A lazy and fat farmer spends all day in bed, eating chocolates and reading the newspaper, while his poor duck has to do all the work on the farm. One evening, the exhausted duck collapses in tears, to be comforted by chickens. The farm animals are very fond of the duck, and outraged by the farmer’s behaviour, so they hatch a plan.
Teaching Ideas and Resources:
- There are lots of examples of onomatopoeia in the book (e.g. Moo, Baa, Cluck, Quack). Can you think of any more examples?
- Look at different ways of writing plurals, using animal names as inspiration, e.g. cows, sheep, mice.
- There is a lot of speech in the book. Use this to develop, or reinforce, understanding of speech marks and how they are used.
- ‘They stole down the hall’ is a sentence from the book. ‘Stole’ can have more than one meaning. Can you think of other words like this (i.e. Homonyms).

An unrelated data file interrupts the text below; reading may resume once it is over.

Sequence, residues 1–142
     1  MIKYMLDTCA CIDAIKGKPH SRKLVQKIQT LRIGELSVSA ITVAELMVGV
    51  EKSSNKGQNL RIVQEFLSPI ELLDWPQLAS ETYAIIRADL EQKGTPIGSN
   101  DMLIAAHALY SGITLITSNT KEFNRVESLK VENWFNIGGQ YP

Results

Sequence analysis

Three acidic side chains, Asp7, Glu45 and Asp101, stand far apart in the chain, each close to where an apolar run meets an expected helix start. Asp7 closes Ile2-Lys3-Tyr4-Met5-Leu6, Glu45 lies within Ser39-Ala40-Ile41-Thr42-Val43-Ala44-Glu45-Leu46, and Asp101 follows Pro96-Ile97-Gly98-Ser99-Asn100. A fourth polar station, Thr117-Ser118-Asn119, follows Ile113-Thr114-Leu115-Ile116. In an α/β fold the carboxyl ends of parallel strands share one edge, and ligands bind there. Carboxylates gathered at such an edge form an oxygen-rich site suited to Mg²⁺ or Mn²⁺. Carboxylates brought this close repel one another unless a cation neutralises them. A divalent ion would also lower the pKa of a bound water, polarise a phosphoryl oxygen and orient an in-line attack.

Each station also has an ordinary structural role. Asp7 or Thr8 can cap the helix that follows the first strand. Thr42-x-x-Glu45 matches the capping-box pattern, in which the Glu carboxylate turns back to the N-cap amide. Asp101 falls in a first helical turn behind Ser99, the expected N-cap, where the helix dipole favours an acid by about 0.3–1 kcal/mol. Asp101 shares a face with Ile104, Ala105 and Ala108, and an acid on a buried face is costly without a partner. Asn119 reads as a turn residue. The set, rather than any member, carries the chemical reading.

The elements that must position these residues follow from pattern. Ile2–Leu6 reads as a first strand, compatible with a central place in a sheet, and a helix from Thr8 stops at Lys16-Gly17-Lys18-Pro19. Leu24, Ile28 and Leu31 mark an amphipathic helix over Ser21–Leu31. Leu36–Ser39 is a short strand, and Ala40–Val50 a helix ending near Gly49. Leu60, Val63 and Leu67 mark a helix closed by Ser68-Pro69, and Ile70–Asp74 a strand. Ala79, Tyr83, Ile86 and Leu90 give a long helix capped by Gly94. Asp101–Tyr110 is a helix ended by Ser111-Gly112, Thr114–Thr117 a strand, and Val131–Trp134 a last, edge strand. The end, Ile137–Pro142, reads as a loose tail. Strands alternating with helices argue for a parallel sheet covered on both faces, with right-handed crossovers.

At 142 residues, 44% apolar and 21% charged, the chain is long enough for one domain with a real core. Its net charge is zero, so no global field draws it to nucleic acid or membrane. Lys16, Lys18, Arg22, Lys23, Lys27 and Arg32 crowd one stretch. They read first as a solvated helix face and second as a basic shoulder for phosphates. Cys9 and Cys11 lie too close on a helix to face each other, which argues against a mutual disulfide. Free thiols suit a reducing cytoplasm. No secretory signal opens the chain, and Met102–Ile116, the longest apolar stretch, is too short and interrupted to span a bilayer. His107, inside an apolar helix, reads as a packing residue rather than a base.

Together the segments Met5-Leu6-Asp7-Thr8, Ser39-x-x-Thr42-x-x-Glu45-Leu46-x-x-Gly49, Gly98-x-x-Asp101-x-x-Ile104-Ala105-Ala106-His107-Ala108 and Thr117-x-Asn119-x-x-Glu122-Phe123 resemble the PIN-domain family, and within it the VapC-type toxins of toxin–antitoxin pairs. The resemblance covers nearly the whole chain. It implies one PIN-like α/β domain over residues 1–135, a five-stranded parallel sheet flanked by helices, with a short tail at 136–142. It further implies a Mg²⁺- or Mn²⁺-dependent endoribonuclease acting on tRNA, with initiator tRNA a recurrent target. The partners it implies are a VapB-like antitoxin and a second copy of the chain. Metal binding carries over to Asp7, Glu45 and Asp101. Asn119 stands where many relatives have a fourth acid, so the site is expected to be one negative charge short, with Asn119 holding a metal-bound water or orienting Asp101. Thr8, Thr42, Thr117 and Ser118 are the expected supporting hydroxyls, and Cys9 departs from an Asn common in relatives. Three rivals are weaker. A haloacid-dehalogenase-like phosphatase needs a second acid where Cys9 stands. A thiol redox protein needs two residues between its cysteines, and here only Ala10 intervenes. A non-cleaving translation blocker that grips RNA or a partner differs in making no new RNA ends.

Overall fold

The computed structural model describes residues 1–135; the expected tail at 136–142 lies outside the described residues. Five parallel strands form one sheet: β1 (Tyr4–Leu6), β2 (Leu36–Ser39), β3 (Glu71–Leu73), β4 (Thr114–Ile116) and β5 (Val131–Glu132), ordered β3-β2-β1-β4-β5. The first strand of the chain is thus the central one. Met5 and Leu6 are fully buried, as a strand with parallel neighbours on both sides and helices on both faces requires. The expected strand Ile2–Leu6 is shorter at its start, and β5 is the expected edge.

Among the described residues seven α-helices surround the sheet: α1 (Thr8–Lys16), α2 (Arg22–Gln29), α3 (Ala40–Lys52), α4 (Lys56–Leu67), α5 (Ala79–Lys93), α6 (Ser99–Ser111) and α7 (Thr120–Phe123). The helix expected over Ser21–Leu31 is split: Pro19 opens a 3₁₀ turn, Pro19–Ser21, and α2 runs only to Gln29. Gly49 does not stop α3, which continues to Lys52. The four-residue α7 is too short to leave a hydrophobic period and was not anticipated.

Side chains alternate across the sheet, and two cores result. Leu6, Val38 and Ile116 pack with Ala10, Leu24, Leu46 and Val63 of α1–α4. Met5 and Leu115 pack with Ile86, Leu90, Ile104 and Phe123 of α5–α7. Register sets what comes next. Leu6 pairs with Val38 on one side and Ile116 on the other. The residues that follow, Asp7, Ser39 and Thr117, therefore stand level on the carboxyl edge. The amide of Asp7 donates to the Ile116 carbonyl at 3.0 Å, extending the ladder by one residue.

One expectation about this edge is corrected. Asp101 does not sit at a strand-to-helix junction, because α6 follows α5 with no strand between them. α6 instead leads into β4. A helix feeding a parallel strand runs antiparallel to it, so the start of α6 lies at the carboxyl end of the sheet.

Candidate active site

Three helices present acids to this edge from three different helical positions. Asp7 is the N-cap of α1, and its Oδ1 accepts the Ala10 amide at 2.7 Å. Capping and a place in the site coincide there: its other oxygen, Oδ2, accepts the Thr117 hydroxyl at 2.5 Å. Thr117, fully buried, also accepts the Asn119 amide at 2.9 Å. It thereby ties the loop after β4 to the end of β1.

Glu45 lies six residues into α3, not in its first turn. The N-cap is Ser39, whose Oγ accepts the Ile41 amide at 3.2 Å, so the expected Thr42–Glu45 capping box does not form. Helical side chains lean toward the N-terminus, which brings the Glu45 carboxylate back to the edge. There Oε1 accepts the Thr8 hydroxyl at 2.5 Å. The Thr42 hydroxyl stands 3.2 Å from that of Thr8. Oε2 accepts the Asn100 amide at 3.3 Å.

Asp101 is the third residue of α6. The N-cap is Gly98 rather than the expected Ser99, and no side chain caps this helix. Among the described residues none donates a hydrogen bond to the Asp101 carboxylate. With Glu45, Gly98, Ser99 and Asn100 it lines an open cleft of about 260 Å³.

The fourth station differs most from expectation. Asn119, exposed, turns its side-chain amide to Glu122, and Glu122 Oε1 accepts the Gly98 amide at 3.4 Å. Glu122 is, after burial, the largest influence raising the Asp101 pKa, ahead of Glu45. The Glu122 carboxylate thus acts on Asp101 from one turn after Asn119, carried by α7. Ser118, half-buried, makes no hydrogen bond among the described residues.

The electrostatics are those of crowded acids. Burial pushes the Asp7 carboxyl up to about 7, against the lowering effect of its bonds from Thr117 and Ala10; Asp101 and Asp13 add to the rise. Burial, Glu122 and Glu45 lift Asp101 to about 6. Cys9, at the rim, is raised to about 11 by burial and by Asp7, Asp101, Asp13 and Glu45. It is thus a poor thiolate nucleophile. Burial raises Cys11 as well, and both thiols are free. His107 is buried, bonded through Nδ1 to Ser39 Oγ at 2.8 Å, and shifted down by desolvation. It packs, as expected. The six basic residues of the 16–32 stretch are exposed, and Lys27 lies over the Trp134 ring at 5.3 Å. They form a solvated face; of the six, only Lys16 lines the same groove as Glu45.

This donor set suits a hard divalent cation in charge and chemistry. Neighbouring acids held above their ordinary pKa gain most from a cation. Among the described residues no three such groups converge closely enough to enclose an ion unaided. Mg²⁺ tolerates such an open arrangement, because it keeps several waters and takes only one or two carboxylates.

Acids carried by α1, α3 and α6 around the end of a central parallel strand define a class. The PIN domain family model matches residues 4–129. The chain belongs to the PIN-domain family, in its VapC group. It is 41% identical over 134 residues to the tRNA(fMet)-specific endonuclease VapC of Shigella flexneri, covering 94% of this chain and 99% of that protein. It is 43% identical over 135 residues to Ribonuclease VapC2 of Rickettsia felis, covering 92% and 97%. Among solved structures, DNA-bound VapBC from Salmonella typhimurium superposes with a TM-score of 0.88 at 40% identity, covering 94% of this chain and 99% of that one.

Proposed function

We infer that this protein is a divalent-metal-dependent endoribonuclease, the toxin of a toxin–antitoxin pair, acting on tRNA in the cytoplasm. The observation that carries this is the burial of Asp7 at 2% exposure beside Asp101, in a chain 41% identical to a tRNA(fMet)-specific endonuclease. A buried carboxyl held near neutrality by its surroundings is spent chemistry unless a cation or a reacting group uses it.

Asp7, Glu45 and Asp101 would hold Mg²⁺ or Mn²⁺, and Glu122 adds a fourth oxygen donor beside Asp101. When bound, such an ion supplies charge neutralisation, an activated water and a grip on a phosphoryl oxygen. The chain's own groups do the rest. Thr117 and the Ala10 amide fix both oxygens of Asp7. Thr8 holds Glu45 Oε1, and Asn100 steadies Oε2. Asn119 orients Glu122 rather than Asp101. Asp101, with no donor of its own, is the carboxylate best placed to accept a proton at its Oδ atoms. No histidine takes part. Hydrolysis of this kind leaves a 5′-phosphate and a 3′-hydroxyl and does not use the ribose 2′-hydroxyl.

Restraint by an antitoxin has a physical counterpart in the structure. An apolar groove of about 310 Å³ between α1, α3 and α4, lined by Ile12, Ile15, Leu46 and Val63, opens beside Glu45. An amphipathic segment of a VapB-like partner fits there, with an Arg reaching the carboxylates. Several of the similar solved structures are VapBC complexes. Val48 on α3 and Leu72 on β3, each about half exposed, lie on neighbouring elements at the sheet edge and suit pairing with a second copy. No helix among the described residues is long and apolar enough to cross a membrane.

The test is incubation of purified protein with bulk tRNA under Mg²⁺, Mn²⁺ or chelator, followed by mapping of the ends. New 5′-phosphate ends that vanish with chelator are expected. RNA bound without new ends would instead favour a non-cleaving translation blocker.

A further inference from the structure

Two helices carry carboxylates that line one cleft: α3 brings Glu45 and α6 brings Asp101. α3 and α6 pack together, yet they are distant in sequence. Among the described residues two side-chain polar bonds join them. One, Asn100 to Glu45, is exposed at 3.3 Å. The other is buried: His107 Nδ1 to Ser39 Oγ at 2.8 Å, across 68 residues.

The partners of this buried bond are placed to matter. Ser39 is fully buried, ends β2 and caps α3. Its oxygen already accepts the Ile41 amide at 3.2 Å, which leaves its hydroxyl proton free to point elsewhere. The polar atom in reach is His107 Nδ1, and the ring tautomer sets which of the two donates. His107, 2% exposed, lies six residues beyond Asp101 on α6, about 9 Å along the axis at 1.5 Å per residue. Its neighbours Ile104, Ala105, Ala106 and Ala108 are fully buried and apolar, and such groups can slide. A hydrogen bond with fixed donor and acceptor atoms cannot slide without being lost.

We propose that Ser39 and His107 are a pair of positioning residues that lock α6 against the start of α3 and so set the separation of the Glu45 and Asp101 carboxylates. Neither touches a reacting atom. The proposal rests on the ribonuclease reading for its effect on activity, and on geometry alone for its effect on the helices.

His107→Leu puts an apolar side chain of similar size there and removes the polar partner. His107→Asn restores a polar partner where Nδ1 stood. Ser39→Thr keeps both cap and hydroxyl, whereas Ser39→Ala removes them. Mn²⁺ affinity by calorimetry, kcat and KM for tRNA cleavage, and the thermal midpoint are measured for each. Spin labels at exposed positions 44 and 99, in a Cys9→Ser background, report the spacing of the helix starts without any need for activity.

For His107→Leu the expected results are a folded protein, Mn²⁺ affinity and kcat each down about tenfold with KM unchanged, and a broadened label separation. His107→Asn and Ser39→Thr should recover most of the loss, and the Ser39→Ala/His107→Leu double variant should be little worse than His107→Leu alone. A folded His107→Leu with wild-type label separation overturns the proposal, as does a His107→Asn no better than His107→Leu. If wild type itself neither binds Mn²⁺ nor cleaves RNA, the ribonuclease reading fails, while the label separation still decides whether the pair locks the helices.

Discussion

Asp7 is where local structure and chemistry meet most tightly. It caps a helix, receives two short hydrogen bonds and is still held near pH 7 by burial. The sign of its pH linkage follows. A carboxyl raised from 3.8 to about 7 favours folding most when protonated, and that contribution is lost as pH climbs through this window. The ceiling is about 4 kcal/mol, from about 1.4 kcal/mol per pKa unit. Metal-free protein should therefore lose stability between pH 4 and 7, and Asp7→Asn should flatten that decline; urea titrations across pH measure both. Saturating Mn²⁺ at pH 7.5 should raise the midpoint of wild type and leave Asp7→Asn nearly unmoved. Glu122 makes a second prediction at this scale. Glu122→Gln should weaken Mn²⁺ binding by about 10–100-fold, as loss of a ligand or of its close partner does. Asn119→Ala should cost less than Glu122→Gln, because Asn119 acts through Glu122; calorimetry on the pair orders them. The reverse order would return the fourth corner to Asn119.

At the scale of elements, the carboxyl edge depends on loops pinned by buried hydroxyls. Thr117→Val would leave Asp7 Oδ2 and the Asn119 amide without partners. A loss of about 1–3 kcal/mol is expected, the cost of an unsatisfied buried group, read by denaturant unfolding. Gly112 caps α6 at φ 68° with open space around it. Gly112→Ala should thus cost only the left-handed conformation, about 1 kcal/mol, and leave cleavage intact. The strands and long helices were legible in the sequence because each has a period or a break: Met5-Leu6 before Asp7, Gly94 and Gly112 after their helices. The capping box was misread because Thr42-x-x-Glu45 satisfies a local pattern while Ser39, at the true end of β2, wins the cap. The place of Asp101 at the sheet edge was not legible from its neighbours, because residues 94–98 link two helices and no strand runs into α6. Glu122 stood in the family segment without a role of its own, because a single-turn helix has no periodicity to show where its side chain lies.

- Could you write the story from the duck’s point of view… Or from the farmer’s point of view?
- This video shows Martin Waddell talking about Farmer Duck, giving some more ideas for using the story in the classroom:
- Make a timetable for the duck which shows all of the jobs that he has to do each day.
- Find out about the animals on the farm. Why do people keep those animals on a farm? What kinds of jobs do farmers have to do to look after them?
- Look at the illustrations of the farm at the beginning and end of the book. How are they different? Could you draw your own farm pictures in similar styles?
- Investigate farms in your local area… What kinds of farms are they? Could you make contact with the farmer and interview him about his job.
- The book is available in a number of languages. Could you use these to introduce children to other languages?
- The farmer is very lazy. Why are people lazy sometimes? How does this impact on other people? How can we try to stop ourselves from being lazy?